Many Australians wonder why we weren’t taught better Australian history in school; our history feels somehow hazy and unclear in comparison with the dates and facts of Europe or the World Wars.
Is there something special about colonial school curriculums and what we are taught, or is there still a bigger question about a culture of historical amnesia? What exactly has the place of education been in Australian history?
We all know that the white men that many of our Gippsland streets are named after invaded Gunai Kurnai country first, hacking their way down from the mountains in the 1840s, claiming huge tracts of land for sheep owned by men even richer than they were. But it was convicts and poor, free men who came after them that did the real hard yards, men without much ‘formal’ education. The rich guys lorded it over the others, but when they went massacring they all worked together. No one dobbed the others in because the (white colonist) press had warned its (white colonist) readers about the hanging of seven white colonists in punishment for their massacre at Myall Creek in 1838. Settlers never wrote down the exact numbers of people they shot, and they always said Aboriginal people provoked their own murder. This is how we made our colony, and this is why we should believe Gunai Kurnai sources of history more than white sources of history.
Colonists, with their hunger for profit, didn’t need much more from education than the fabricated racial hierarchy ‘science’ taught in British schools to justify invasion and slavery. Once here, colonisers still didn’t think about education, they worked hard to raise sheep and cattle, which required the destruction of whole ecosystems. They saw that Gunai Kurnai civilisation sustained agricultures and aquacultures, and then they destroyed the stone houses, eel traps and yam fields to create terra nullius, the white man’s invention. Settler education in capitalist colonialism taught that it was imperative to eliminate Gunai Kurnai people and have their land. And now we still have all the land.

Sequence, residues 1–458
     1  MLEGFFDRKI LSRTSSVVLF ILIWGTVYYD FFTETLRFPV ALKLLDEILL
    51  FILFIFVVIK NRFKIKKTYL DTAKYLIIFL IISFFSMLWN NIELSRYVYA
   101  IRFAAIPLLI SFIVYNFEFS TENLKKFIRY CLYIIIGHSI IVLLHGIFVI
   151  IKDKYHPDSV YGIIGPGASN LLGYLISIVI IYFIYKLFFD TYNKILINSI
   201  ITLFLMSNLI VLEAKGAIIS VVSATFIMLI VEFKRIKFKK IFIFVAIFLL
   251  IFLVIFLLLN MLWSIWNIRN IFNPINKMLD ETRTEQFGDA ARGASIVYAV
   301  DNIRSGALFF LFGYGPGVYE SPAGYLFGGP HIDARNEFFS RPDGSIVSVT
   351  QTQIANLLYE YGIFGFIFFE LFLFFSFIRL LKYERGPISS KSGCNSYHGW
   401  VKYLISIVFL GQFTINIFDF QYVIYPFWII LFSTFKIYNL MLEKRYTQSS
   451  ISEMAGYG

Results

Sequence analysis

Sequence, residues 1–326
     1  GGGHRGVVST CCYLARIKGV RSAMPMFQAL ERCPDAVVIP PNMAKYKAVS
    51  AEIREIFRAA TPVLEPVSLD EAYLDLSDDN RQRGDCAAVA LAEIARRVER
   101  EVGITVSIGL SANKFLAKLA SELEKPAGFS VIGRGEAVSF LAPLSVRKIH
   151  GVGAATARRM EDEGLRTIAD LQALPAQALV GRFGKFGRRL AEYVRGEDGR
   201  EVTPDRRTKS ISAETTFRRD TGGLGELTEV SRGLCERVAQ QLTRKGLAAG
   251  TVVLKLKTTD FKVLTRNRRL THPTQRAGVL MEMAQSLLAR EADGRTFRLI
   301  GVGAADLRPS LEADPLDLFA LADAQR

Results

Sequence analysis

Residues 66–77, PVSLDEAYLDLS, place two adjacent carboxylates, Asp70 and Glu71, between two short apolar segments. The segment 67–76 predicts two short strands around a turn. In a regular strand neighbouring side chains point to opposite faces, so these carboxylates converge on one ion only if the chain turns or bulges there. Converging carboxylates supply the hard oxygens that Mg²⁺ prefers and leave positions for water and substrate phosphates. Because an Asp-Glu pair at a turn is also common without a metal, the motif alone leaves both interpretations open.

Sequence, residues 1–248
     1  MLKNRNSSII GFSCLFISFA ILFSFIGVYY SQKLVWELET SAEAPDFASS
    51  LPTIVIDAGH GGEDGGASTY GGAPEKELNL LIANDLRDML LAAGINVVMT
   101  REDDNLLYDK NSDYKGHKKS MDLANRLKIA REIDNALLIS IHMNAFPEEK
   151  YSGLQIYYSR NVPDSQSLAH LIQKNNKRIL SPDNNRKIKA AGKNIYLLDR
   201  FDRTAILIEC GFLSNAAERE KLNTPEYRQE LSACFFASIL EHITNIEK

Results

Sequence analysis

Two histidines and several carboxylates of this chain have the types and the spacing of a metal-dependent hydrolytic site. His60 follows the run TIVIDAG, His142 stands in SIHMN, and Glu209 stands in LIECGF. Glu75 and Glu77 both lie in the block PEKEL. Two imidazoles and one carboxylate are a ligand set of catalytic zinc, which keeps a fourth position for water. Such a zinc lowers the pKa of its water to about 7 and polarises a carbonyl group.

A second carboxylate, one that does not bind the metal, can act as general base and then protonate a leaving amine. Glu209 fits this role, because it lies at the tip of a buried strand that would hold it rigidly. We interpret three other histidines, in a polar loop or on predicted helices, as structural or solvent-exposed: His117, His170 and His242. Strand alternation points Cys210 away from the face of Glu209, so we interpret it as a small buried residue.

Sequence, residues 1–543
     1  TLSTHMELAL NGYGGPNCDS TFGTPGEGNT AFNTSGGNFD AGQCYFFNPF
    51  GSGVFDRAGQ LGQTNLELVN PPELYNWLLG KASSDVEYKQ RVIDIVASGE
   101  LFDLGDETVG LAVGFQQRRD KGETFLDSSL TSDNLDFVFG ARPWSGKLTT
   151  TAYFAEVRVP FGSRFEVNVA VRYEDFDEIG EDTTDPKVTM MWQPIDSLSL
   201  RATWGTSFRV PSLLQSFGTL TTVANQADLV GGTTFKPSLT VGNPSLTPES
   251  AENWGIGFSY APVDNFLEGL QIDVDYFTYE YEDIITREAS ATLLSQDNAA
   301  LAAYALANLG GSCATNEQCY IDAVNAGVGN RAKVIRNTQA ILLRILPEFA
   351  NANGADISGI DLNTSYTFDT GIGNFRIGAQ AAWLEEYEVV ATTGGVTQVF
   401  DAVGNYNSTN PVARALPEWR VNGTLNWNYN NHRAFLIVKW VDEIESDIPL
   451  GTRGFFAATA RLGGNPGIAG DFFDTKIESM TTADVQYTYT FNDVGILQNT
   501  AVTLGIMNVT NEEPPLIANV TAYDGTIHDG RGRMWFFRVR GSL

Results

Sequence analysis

Some colonisers tried to make money by learning and using Indigenous knowledge out of context. Mina Rawson, Australia’s first cookbook writer, watched the mullet haul and then used her own slaves to do it. She pulled them all up, huge piles of silver fish, and went to bed dreaming of the money she’d make. But she had taken one piece of knowledge from a whole system and in the morning they were all spoiled by the moon. Mina killed all those fish of Badtjala country, but lamented only the money.
Mina, as with all other settlers, relied on and shared information about how to kill Aboriginal people in order to take their land. Mina fenced off the fresh water spring in Boonooroo, Queensland, lay in wait for Badtjala kids to come for water, then shot them. She published this story herself in the newspaper, and other settlers admired her. Agnes Buntine was our Gippsland version, renowned for killing Bunurong people by forcing them into the ocean and standing on the shore threatening them with a whip until they drowned. She said she’d learnt they were afraid of the sea and that is how she used the knowledge. In Sale, William Odell Raymond educated other colonisers on how to load the cannon on his property with broken glass and nails and then fire it at Gunai Kurnai people. This colony is built on sharing education about how to commit genocide.
Between 1840 and 1868, there were not many white women out here. This was just six generations ago and Gunai Kurnai people remember this time; their knowledge systems have carried memories through generations for thousands of years. Kurnai man Phillip Pepper wrote that ‘rape was common’ in his book The Kurnai of Gippsland, which is in every public library in Gippsland. Settlers who only trust white sources can consult the diaries of Dr Ewing and Dr Arbuckle held in the State Library Victoria, who trace the spread of venereal disease from settlers to Gunai Kurnai people alongside incidents of white men kidnapping and raping Gunai Kurnai women.